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Why You Should Apply to UCSB’s Professional Writing Minor

This article is written by a student writer from the Her Campus at UCSB chapter.

Did you know that UCSB offers a minor in professional writing?

I sure didn’t until I took a magazine writing class for fun during my Junior year and my professor told me about it. I always had a passion for writing and saw myself pursuing a career in marketing, design, or anything that involved writing and that allowed me to express myself creatively. So, when I discovered the professional writing minor, I knew I had to apply.

The professional writing minor, as described on its website, “is an opportunity for undergraduates to expand their communication skills through two capstone courses and a writing internship during their senior year. Students considering the minor should think of it as an apprenticeship in the world of professional writing, not simply as a set of courses in which someone will tell you what to do.”

The professional writing minor has different tracks, allowing students to be able to apply to one area of focus. These tracks include:

  • Professional Editing (Writing 151 A-B)
  • Writing and Civic Engagement (Writing 153A-B)
  • Multimedia Communication (Writing 155 A-B)
  • Business Communication (Writing 157A-B)
  • Science Communication (Writing 159A-B)
  • Journalism (Writing 152A-B)

All these tracks will provide you with hands-on learning opportunities and allow you to start building your writing portfolio. So if you have been thinking about adding a minor and have a passion for writing or are interested in pursuing a career in business, media, law, the nonprofit sector, etc., then you should apply. Honestly, this minor sets you up with the skills for a variety of careers. As an added bonus, the minor helps you get an internship that you can take instead of another writing course and it’ll be an automatic pass.

If you’re looking into applying for this minor make sure you’re staying on top of the due date. The application is due during the fall quarter of your senior year and you apply to three tracks: one being your top choice and three being your least desired choice. You find out if you got in and which track right before winter quarter and spend your last two quarters completing three courses, including your internship if you have one.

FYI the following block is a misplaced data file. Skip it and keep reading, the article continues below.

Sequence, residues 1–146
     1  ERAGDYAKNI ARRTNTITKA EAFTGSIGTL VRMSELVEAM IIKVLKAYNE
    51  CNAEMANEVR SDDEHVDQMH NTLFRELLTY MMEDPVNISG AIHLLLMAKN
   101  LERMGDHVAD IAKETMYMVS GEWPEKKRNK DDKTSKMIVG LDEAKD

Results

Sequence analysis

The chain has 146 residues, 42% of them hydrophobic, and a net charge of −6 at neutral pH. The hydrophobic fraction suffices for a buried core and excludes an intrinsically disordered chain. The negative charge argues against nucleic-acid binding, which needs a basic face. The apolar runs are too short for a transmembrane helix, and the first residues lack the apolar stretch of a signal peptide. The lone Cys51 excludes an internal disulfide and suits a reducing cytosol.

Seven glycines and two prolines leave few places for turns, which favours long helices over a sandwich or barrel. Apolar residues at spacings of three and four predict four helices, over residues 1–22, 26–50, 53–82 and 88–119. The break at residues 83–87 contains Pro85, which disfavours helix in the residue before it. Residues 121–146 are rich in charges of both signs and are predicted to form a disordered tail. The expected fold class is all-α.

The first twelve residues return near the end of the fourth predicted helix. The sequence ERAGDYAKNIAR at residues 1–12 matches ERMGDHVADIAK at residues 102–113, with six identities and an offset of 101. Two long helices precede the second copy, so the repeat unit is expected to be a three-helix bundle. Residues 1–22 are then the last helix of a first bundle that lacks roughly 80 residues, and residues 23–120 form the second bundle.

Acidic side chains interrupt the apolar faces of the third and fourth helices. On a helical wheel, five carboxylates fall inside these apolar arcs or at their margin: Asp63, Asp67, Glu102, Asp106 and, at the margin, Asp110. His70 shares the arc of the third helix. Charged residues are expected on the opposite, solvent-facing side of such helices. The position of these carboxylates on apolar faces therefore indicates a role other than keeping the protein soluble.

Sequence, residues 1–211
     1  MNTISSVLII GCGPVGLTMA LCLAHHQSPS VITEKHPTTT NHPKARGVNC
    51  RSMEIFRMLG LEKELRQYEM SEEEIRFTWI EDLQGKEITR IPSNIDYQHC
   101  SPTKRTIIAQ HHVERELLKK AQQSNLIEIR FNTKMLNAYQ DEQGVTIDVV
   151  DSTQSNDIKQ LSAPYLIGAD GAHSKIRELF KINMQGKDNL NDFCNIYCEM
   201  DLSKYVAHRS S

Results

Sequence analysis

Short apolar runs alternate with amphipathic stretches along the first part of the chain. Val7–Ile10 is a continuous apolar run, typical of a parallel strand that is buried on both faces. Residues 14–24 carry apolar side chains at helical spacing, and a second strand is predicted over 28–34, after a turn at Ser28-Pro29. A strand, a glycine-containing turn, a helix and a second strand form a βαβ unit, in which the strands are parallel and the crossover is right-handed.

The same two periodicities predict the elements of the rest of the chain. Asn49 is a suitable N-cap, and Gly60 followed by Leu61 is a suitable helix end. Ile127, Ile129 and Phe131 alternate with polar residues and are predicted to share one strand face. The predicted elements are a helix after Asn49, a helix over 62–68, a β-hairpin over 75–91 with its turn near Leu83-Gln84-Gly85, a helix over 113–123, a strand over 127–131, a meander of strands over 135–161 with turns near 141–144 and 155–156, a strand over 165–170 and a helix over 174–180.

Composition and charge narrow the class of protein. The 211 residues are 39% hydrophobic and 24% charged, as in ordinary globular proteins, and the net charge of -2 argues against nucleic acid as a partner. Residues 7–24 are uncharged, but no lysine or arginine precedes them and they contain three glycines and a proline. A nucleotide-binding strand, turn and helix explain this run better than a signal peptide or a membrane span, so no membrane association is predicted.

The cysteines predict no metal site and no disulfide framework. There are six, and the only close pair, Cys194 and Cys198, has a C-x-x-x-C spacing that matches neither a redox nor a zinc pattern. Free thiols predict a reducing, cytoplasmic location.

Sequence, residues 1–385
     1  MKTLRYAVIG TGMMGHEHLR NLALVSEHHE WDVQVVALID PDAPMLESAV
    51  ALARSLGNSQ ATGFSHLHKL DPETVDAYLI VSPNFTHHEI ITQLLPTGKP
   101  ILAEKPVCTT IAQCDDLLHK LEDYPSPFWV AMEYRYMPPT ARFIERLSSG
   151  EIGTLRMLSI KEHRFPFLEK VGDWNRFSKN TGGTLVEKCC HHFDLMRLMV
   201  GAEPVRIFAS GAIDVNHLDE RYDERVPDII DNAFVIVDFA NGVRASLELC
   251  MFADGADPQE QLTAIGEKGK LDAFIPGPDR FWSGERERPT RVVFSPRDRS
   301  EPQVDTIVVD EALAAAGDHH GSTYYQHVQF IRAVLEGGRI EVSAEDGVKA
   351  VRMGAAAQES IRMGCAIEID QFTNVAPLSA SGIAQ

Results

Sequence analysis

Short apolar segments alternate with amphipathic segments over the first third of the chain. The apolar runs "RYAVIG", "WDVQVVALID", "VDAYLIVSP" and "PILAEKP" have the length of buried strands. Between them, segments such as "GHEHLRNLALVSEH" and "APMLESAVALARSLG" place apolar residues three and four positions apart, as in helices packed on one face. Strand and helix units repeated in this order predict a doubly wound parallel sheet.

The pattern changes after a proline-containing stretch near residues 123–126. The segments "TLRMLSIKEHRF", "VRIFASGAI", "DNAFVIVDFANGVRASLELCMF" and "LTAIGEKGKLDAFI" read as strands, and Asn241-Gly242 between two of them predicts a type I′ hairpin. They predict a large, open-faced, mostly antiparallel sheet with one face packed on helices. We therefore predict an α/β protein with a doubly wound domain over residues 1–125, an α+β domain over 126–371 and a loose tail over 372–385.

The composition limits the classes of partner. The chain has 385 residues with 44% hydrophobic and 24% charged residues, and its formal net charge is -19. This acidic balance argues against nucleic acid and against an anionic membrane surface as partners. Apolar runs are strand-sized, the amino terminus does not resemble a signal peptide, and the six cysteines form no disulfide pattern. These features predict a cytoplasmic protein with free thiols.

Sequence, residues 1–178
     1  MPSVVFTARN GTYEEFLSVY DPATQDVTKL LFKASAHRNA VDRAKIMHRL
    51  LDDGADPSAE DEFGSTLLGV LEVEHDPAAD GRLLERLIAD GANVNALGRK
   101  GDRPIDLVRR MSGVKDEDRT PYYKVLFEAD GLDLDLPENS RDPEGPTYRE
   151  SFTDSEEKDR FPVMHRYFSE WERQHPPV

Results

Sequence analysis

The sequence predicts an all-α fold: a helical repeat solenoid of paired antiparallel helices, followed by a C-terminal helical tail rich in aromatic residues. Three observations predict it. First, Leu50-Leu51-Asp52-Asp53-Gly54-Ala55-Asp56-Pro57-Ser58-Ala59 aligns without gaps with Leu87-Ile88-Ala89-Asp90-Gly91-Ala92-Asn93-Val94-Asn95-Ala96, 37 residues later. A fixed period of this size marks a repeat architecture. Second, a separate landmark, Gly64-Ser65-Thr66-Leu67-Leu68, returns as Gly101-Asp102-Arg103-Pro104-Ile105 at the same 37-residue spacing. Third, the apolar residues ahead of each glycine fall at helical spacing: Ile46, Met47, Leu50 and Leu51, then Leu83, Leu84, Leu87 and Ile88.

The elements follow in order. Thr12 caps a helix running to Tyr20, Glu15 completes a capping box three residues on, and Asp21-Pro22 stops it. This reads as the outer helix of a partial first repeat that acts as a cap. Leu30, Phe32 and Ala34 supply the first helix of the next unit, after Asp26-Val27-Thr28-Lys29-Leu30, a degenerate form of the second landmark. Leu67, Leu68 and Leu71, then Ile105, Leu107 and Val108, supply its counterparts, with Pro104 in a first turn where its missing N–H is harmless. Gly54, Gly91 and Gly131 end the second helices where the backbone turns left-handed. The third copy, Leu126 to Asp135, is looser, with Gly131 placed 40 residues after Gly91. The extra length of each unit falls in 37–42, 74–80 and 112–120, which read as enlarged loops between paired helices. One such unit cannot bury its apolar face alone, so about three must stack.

That being said, you need to make sure that you take the three prerequisites before the application is due—around your Junior year. You also want to make sure that these prerequisites align with your top track. For example, if you want to go into the multimedia track you can take a writing for public relations course or a writing for magazines course. But also don’t stress too much about this as these courses could also apply to the business track or journalism. That’s the great thing about the minor: you learn skills for a variety of disciplines and if you want some guidance you can always visit the advisors.

Now, the actual application is a portfolio of some of the writing work you have done for past classes, organization/clubs, and internships, along with your resume. Make sure to include your best work. It is best that you get involved in extracurriculars early so you can stand out among the other applicants, but you can also use class work. What matters is that you showcase your skills and a passion for writing.

Now although I didn’t get into my first choice, I’m still content with the civic engagement track and have learned so much. I highly recommend this track for those wanting to work for non-profits, in government, or who wish to go to law school. I’m personally still looking at working for a company in marketing whose beliefs align with mine—perhaps a fashion or makeup company that promotes sustainability. 

I truly believe that all of these tracks will provide useful learning experiences. I personally learned how to write and create flyers, grant proposals, explainers, emails, a professional online portfolio, and more during my time in this minor. I also learned the importance of deadlines and how to improve my writing and take criticism; all of which have helped me with writing articles for HerCampus and The Women’s Network. So, once more, I encourage all who are interested in the professional writing minor to look into it further and apply!

Alejandra is a fourth year global studies major with a minor in professional writing. She was born in LA and has moved around a lot eventually ending up studying in sunny Santa Barbara. Her hobbies include writing, drawing, and fashion. She also dreams of owning her own clothing line/business.